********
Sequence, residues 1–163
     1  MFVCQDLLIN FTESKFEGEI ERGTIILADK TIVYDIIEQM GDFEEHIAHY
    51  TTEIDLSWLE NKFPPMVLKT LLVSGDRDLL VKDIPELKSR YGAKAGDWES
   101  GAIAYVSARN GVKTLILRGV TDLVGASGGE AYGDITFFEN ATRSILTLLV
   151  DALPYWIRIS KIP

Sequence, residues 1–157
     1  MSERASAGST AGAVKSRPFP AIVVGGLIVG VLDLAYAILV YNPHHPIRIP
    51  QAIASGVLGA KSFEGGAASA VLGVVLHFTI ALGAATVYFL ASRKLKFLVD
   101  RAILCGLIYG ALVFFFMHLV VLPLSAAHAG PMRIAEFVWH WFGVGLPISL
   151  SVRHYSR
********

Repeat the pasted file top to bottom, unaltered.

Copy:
Sequence, residues 1–163
     1  MFVCQDLLIN FTESKFEGEI ERGTIILADK TIVYDIIEQM GDFEEHIAHY
    51  TTEIDLSWLE NKFPPMVLKT LLVSGDRDLL VKDIPELKSR YGAKAGDWES
   101  GAIAYVSARN GVKTLILRGV TDLVGASGGE AYGDITFFEN ATRSILTLLV
   151  DALPYWIRIS KIP

Sequence, residues 1–157
     1  MSERASAGST AGAVKSRPFP AIVVGGLIVG VLDLAYAILV YNPHHPIRIP
    51  QAIASGVLGA KSFEGGAASA VLGVVLHFTI ALGAATVYFL ASRKLKFLVD
   101  RAILCGLIYG ALVFFFMHLV VLPLSAAHAG PMRIAEFVWH WFGVGLPISL
   151  SVRHYSR